Changes between Version 4 and Version 5 of WAC-X

Nov 20, 2015, 3:43:53 PM (6 years ago)
Roland Schäfer



  • WAC-X

    v4 v5  
    4444The World Wide Web has become increasingly popular as a source of linguistic data, not only within the NLP communities, but also with theoretical linguists facing problems of data sparseness or data di­versity. Accordingly, web corpora continue to gain importance, given their size and diversity in terms of genres/text types. The field is still new, though, and a number of issues in web corpus construction need much additional research, both fundamental and applied. These issues range from questions of corpus design (e.g., corpus composition assessment, sampling strategies and their relation to crawling algorithms, handling of duplicated material) to more technical aspects (e.g., efficient implementation of individual post-processing steps in document cleansing and linguistic annotation, or large-scale paral­lelization to achieve web-scale corpus construction). Similarly, the systematic evaluation of web cor­pora, for example in the form of task-based comparisons to traditional corpora, has only recently shifted into focus.
    4546For almost a decade, the ACL SIGWAC (, and especially the highly suc­cessful Web as Corpus (WAC) workshops have served as a platform for researchers interested in com­pilation, processing and application of web-derived corpora. Past workshops were co-located with ma­jor conferences on computational linguistics and/or corpus linguistics (such as EACL, NAACL, LREC, WWW, Corpus Linguistics). As in previous years, the 10th Web as Corpus workshop (WAC-X) invites contributions pertaining to all aspects of web corpus creation, including but not restricted to
    8182As part of the 10th Web as Corpus workshop (WAC-X), a panel discussion will be organized. Web cor­pus designers are probably those who are most affected by issues and uncertainties of copyright legisla­tion and intellectual property rights, especially in the EU. While in some countries, such as the U.S., a Fair Use doctrine allows the use of data for non-commercial research purposes, the situation in Europe is more problematic. For example, German copyright law ("Urheberrecht") requires that any re-use of a work which reaches a certain threshold of creativity be explicitly approved by the author. This poses numerous problems for any corpus creator, but it is completely infeasible for large web corpora con­taining texts written by millions of different authors. Thus, corpora are re-distributed in crippled form as sentence shuffles (e.g. COW and the Leipzig Corpora Collection), and it is not even clear whether there really is a reliable legal exemption for single sentences. In the famous Infopaq case, a Danish court decided that even snippets of 11 words might be protected under EU copyright laws (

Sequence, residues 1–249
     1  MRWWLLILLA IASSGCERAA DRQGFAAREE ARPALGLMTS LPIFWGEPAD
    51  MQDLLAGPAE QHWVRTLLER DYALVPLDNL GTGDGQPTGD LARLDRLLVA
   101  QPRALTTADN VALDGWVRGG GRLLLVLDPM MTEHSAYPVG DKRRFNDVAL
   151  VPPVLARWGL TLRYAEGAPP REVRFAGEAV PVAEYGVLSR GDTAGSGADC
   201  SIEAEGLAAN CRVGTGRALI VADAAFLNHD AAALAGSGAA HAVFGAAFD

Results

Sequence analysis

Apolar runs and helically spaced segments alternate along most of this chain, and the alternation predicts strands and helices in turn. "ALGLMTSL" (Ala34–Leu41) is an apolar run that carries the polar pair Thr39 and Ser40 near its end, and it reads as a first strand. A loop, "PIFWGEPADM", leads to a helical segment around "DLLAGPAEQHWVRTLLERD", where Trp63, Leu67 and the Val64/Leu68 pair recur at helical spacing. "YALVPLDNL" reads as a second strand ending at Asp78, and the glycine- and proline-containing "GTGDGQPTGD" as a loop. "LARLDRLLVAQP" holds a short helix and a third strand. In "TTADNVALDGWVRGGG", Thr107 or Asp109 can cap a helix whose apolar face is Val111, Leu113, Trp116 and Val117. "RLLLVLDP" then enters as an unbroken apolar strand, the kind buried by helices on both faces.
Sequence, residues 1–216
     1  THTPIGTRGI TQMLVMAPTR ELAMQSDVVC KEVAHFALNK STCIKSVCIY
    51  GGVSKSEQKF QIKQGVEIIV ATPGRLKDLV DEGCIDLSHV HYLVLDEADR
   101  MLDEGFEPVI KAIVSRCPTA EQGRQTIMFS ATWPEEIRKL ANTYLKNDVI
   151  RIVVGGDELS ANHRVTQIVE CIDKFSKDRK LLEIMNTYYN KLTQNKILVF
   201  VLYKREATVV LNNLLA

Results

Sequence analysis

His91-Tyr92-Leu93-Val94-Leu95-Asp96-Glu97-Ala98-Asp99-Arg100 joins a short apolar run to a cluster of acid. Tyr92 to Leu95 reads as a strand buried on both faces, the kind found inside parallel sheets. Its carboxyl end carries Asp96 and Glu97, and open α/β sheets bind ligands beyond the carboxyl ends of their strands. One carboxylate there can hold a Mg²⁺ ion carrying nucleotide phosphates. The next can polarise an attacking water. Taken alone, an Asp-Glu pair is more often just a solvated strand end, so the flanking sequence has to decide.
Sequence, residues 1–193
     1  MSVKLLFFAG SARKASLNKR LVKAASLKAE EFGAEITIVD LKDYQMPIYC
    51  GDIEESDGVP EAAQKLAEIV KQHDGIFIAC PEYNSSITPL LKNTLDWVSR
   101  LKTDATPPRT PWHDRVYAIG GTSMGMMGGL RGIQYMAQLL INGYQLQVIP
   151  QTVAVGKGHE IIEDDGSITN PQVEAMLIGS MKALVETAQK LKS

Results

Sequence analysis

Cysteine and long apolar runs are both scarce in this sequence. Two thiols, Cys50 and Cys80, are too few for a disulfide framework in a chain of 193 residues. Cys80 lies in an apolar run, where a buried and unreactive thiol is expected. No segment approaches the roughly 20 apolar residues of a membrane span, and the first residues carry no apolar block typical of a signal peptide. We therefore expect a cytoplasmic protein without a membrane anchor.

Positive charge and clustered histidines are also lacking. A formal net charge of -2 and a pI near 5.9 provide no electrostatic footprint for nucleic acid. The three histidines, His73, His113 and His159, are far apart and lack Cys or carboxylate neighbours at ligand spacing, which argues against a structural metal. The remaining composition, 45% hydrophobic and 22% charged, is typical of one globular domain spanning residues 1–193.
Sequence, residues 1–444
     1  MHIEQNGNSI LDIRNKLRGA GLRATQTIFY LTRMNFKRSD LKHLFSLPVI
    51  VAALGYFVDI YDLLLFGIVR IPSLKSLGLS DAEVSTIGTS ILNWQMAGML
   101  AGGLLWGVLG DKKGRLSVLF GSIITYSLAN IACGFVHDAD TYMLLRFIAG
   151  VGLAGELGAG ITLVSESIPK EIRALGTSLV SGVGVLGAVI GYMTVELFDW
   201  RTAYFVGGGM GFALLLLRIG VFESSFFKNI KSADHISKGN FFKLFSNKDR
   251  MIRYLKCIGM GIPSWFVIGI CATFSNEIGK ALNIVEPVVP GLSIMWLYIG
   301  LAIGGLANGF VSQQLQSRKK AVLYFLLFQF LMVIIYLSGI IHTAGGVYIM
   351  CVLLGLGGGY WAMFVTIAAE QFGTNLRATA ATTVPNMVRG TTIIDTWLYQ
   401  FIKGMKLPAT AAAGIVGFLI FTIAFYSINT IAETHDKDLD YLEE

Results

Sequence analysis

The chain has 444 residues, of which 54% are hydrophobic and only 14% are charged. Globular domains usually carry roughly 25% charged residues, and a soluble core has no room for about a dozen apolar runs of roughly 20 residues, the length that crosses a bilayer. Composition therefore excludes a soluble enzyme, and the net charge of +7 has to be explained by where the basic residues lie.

8284This situation is highly undesirable. Large web corpora have been shown to be indispensable for many tasks in computational linguistics, in the documentation of standard and non-standard language, and in empirically oriented theoretical linguistics.
    8386Reports written by legal experts – such as the one recently commissioned by the German Research Council ( – only provide an interpretation of the given legal situation. Only ac­tive lobbying in favor of a reasonable copyright reform will eventually bring about the necessary changes such that researchers can build corpus resources and share them freely for academic purposes. Therefore, the goal of this panel discussion is to bring together corpus creators, active users of web cor­pora, and open science activists in order to share and discuss views on the copyright problem as a politi­cal rather than a legal problem. Ideally, a first draft of a joint declaration might come out of this discussion. With such a declaration, the (web) corpus community could make sure that its voice is heard, especially in the ongoing discussion about reforms of the European copyright legislation.